Tag Archives: health

Thought #50. Jaded or life-loving.

Depression affects a surprising number of people. Although everyone can feel very sad and anxious on occasion, some people are more prone to undergo deep depressions during their lives than others. This medical condition and its treatment have been historically studied by numerous scientists, doctors and researchers. But as yet, knowing whether we are suffering from depression or not remains a tricky question.

As a layman on this subject, I would not go so far as to say that, more often than not, people misuse the term. Conversely, I do think that only sometimes this term is employed to describe just a rough patch. A niggling worry could render us sleepless for a few days. Does it mean that we are growing depressed? Not necessarily.

Some psychologists’ therapies go too far and are out of kilter with the patient’s problems. Why are we expected to be always happy? Fortunately, the vast majority of therapists are knowledgeable and well-prepared to treat depression in all its forms and manifestations. Life is tough and sometimes the future will be bleak, it is something that we cannot deny. However problematical the situation may seem, besides our natural ability to overcome the toughest circumstances, hope is what makes a difference.

Hope that hard times will be over one more time, as they always were in the past. I do not mean that every problem has to have a solution, not to mention a satisfactory, easy or permanent one. I just want to let it be known that hope is tantamount to the ability to dream, feel excitement and develop endurance against complications.

And when there is little or no hope for the future, you can always live the present. What else do we have? Human life needs little more than air, water, food and shelter to get by. It would be advisable to settle for just being happy.

Thought #20. The power of an infectious grin.

Six o’clock in the morning and your alarm clock went off. Last night, you did not sleep a wink, tossing and turning all night long. You felt wretched by those nagging problems. A pile of things to do awaited you at work. On the radio, the weather forecast did not look promising. To top it all, you remembered that the car has broken down. Obviously, your patience was wearing thin at 7 a.m. and you were on the brink of a nervous breakdown. About to quickly abandon your apartment, wishing not to exist, thinking why on earth you are on the receiving end of life… Suddenly, you stumble upon the boy next door. A gentle and broad smile spreads over his face and your dismal day is over. The smile healing powers have emerged.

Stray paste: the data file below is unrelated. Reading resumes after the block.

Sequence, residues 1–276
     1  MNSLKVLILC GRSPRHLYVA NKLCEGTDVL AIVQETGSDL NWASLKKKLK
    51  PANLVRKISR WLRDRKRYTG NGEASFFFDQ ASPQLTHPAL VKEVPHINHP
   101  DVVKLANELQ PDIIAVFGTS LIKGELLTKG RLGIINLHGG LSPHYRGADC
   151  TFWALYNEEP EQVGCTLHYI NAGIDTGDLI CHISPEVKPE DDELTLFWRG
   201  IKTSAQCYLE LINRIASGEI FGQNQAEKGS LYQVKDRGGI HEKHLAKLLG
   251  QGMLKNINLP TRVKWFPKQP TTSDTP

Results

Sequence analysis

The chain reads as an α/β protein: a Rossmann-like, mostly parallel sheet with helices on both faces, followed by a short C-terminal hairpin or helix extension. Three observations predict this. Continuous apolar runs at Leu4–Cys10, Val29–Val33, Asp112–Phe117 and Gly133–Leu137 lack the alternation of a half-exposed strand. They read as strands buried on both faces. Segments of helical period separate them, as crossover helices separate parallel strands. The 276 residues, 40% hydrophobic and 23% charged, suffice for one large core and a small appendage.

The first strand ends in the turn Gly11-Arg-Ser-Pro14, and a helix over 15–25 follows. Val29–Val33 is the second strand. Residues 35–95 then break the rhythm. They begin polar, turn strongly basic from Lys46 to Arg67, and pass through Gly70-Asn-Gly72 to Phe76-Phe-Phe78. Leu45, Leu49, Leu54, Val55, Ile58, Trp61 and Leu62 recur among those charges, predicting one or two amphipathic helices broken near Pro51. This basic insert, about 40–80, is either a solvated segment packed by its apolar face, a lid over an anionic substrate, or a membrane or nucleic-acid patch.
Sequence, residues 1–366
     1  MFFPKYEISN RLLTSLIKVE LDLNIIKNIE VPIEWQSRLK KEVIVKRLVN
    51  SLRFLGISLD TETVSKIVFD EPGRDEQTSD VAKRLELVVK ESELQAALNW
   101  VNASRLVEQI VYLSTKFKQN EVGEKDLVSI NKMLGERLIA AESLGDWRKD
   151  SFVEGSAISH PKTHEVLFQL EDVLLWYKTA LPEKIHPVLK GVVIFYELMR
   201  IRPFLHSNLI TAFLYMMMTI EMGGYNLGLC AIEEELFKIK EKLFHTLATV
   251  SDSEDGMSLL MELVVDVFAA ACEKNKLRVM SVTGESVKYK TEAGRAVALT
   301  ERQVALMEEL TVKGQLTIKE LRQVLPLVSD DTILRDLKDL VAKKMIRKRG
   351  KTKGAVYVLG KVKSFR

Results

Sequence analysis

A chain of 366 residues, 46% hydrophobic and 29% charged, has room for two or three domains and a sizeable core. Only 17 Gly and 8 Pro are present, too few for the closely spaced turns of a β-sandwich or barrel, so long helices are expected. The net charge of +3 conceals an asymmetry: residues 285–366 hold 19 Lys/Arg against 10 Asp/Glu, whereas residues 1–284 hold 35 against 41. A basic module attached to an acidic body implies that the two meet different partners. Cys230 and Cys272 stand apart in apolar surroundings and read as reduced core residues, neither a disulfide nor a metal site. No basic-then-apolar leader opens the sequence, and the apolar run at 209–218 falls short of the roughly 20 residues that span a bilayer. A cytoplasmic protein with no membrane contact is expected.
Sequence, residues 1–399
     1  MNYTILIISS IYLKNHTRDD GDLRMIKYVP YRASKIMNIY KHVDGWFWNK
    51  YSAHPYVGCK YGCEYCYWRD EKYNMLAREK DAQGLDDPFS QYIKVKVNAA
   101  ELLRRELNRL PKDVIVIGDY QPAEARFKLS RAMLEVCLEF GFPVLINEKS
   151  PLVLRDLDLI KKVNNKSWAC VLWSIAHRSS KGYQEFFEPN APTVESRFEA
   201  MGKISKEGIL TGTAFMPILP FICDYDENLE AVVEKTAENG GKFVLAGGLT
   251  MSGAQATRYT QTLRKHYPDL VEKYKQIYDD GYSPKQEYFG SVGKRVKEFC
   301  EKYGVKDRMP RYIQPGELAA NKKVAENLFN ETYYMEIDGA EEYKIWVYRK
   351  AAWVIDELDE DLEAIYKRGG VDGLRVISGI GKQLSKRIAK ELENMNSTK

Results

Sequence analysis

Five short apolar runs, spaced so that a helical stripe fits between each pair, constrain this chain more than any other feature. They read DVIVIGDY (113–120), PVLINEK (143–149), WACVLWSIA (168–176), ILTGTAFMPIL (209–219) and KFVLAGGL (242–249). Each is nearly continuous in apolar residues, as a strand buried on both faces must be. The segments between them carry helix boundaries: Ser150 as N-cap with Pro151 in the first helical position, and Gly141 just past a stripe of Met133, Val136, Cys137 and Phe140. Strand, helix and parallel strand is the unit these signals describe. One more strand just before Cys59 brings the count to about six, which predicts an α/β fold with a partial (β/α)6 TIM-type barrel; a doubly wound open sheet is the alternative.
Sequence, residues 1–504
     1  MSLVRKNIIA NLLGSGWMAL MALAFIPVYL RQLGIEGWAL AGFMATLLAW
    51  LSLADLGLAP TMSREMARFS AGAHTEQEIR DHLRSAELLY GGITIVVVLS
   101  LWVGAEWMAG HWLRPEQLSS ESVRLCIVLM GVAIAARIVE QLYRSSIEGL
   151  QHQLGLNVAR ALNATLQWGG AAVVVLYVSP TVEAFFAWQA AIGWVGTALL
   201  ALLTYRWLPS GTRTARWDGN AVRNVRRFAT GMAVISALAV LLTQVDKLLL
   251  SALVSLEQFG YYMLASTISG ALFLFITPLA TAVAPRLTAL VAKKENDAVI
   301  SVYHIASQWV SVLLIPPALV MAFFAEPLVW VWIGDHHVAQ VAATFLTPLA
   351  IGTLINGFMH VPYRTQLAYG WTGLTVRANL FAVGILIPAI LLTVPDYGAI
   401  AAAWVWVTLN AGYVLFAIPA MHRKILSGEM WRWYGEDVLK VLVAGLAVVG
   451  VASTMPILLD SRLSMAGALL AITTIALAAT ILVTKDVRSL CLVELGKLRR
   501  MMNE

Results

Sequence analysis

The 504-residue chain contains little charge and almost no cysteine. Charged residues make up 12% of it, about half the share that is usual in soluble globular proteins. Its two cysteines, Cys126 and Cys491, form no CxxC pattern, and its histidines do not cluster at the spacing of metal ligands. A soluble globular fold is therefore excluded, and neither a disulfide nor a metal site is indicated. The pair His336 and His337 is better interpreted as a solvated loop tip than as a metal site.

Smiling is also the universal language par excellence, a beautiful language shared by human beings, a gift from the gods and ultimately, a force to be reckoned with. However, all that glitters was not gold. According to a Scientific American column, the origin of grins and smiles goes back to our ancestors’ times. Through detailed observations of chimps and other primates, biologists and anthropologists have shown how baring one’s teeth denotes, in fact, an explicit threat or a show of unquestioned authority. Further investigation of ape’s smile has produced unexpected results: apparently, the display of a teeth-held grin is more a sign of submission than a show of power. The general consensus among experts is that it is precisely the submission trait what we have inherited.

Smiles and grins have been deeply ingrained in people since the advent of humanity. As any language, this one consists of carefully arranged building blocks; teeth, mouth, face and eyes are involved in the process of smiling. Luckily, evolution left its submissive character behind.

Thenceforth, we learned to combine those pieces to build a splendid array of expressive gestures. We can wear all kinds of smiles. An occasion may arise when you can wear a bright and broad smile because you are proud of something. You could also force a toothless one at your boss if he vetoed you taking any more time off. Just as revenge is sweet, a mocking smile or laughter might be sometimes pleasant. A flashed disarming smile could end up in hasty marriage. The most well-known method to convey an apology is certainly the apologetic one. A polite smile serves as an opening gambit in most speeches. An enigmatic smile may have puzzled you in the past. You should remember the reassuring smile that your parents used to give you. As you can imagine, this list would be never-ending.

One lesson about grinning and smiling is that despite all the beneficial effects, it is normally offered totally free of charge. Take advantage of this feature. Although you should always be dismissive of feigned or forced smiles (disavowal is, in this case, allowed), this must not prevent you from beginning each day with an infectious grin. Promise me!